Investigation finds flaws in principal hiring process for APS school

Credit: Jason Getz /

Credit: Jason Getz /

An Atlanta Public Schools director is leaving her job after an internal investigation found that she did not properly disclose concerns about a candidate’s work history during the process of hiring a principal to lead a new Midtown elementary school.

Director of Leadership Staffing Lenora Patterson “will no longer continue with APS,” Superintendent Lisa Herring said in an interview Tuesday with The Atlanta Journal-Constitution. Herring said she’s waiting to confirm whether Patterson has been terminated or will resign.

Patterson did not immediately respond to a request for comment.

Her departure is a result of an Office of Internal Compliance review, a summary of which the district released Monday evening. That investigation examined what led to Herring’s recommendation in September to choose Kari Schrock as principal of a new school slated to open next fall.

After Atlanta parents discovered Schrock had left her previous DeKalb County principal post amid concerns about her leadership there, Herring quickly withdrew the recommendation, which had been pending school board approval.

Patterson’s job included recruiting and screening principal candidates.

According to the internal review, Schrock disclosed to Patterson, and also in an interview with Chief of Schools Anita Williams, that she had been placed on administrative leave and subsequently resigned her DeKalb principal post.

Herring told the AJC that she didn’t know about past performance concerns when she selected Schrock, whom Herring’s team had recommended.

“I was aware that she was on leave, not the extent to which it was administrative leave,” Herring told the AJC.

The review found that Patterson did not tell the district’s chief human resources officer “about concerns around the principal selection process for Midtown, prior to the superintendent’s final selection.” Patterson also did not share details of what she knew about Schrock’s employment situation with an interview panel, according to the review.

Patterson “did share some of her concerns” with Williams and Associate Superintendent Paul Brown. Williams and Brown were placed on paid leave along with Patterson pending the results of the investigation. The review cleared Williams and Brown of wrongdoing. They did not respond to requests for comment.

Questions about Schrock’s candidacy emerged the same day she spoke to an APS interview panel. Following the interview on Aug. 24, a panel member emailed Brown and Patterson about Schrock’s status in DeKalb, according to the review. APS has not released the email. The AJC obtained an Aug. 24 email to Patterson and Brown through an open records request to the city of Atlanta because the mayor was copied on later correspondence.

In the Aug. 24 email provided by the city, a parent who served on the interview panel asked Brown and Patterson about Schrock leaving DeKalb: “This feels like an important piece of information about her employment to disclose to interviewers of someone who has a strong possibility of taking the helm at our school.”

The parent asked: “Can you explain the reasoning for withholding this information today?”

According to the APS review, after Patterson received an Aug. 24 email from a panel member, she said she told Williams and Brown “that she believed she had tainted the process” and that she didn’t think Schrock could be recommended.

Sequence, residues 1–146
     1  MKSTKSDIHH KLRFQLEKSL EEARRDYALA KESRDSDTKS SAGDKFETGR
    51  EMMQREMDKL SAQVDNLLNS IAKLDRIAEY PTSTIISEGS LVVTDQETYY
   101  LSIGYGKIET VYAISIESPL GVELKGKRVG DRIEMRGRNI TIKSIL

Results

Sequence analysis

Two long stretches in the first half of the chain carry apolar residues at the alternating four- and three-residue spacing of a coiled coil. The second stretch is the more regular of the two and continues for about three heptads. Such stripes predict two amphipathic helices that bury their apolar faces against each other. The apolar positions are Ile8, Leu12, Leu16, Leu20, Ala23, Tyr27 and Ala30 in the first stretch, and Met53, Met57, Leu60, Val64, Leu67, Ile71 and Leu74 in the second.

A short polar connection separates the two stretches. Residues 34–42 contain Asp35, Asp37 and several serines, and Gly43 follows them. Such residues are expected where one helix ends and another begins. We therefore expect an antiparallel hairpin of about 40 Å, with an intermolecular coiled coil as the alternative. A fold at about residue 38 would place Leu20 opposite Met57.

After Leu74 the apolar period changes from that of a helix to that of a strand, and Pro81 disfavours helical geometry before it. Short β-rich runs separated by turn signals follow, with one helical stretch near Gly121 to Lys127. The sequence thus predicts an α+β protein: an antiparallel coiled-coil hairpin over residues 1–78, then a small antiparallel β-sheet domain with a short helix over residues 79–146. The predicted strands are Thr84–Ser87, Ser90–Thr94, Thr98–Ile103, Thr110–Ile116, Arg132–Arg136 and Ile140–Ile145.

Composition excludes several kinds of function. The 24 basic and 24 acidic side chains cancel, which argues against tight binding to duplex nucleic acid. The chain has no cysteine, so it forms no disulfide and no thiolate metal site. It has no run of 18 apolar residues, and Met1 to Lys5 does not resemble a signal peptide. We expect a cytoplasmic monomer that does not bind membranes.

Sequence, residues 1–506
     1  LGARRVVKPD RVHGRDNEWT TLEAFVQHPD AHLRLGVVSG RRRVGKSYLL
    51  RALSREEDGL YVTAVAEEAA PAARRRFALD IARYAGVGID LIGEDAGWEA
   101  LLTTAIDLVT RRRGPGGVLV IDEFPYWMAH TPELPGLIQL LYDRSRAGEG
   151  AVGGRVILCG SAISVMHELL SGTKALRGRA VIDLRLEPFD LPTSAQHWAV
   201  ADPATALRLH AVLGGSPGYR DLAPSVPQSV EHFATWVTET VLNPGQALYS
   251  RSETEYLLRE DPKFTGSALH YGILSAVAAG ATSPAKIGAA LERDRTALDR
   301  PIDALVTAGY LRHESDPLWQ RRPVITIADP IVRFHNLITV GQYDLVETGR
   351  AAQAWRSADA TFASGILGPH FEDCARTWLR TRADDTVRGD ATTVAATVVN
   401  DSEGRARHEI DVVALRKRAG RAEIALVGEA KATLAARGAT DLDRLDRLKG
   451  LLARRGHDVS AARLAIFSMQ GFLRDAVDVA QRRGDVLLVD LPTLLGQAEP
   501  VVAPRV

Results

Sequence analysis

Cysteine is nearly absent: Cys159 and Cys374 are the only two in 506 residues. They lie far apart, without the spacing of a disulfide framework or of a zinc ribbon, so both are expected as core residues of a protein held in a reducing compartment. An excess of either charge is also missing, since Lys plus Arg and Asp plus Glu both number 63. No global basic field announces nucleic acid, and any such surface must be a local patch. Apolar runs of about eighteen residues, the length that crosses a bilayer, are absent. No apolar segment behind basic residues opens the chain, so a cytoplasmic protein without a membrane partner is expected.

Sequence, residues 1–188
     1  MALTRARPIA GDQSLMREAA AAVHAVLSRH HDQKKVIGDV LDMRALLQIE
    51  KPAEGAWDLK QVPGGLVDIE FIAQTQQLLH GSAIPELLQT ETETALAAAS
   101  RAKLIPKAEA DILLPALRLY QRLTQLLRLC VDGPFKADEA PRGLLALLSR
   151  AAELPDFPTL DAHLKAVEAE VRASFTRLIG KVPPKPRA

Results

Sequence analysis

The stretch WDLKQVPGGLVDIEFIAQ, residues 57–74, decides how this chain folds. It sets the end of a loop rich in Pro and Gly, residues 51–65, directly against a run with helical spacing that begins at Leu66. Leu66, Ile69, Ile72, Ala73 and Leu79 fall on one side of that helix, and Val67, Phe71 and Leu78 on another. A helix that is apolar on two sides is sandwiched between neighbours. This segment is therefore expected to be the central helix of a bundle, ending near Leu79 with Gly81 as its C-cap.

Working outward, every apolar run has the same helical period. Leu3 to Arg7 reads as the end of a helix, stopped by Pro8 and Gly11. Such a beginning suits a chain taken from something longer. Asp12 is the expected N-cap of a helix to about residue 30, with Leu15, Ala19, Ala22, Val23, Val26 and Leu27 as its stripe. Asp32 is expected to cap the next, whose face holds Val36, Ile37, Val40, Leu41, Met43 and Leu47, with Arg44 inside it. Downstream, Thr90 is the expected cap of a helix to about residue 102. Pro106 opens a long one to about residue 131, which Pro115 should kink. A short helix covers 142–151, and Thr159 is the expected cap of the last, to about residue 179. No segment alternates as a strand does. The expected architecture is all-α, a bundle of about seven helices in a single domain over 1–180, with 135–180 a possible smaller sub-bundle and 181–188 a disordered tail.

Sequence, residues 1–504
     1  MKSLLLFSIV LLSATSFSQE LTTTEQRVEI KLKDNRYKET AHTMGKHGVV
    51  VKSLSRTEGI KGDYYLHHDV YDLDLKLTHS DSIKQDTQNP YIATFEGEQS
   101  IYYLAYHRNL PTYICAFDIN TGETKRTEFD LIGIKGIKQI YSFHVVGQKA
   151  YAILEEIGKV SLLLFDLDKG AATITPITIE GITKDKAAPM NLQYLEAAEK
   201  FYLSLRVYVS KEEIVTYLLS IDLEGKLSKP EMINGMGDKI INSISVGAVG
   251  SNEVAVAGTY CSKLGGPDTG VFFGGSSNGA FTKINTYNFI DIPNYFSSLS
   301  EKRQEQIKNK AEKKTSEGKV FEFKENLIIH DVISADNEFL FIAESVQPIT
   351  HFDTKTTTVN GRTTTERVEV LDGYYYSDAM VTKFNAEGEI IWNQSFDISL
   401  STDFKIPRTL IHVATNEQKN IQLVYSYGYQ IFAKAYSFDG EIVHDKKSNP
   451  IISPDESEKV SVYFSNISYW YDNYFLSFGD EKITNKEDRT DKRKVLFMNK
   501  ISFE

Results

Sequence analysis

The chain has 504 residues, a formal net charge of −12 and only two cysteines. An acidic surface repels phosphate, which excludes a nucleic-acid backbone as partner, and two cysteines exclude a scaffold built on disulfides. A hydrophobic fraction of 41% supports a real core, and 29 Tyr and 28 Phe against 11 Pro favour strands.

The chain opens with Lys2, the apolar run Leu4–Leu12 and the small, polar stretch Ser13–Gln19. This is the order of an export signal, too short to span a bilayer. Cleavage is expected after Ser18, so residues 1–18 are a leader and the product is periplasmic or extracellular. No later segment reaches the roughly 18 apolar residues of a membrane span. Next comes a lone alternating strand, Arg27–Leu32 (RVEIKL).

Patterson said panel members did not receive Schrock’s updated resume, which led them to assume Schrock was still a DeKalb principal, the report stated. When panel members asked how Schrock was going to get out of her DeKalb contract to take an APS post, Patterson was vague in her response, saying it “won’t be an issue,” the report stated.

In response to panel members’ questions about Schrock’s employment status, Patterson said “she did not share what she knew because she was unsure if she would be disclosing a confidential personnel matter,” the report stated.

Brown and Williams acknowledged that Patterson told them about a panel member’s email and that Schrock’s resume was not current, the review states. But they denied being told there was a concern about moving forward.

The report states that Williams recommended Schrock to the superintendent after Patterson told Williams that “the candidate’s personnel record was clear and there were no issues to prevent the candidate from being eligible for employment.”

Williams said she “shared her concerns about the candidate being placed on administrative leave with the superintendent prior (to) the superintendent making the final decision to hire the principal,” the report states.

Herring, however, said it was not disclosed that the leave was based on performance, according to the report.

It states that because Williams advanced Schrock for consideration, that Herring “did not believe there was any reason to believe the candidate was not viable for consideration.”

Herring told the AJC that the district has a clearly defined process for hiring principals. She said APS will review the process and make changes as warranted.

“We know that there were issues with the selection,” Herring said. “We took swift action as soon as that was brought to our attention.”

The district’s human resources division experienced more recent turnover when the executive director of employee relations resigned amid complaints. Herring said the principal hiring matter is a separate issue.

Herring also stressed the need for “transparency and clarity.”

“We remain committed to that and the continued work that’s needed to build trust…,” she said.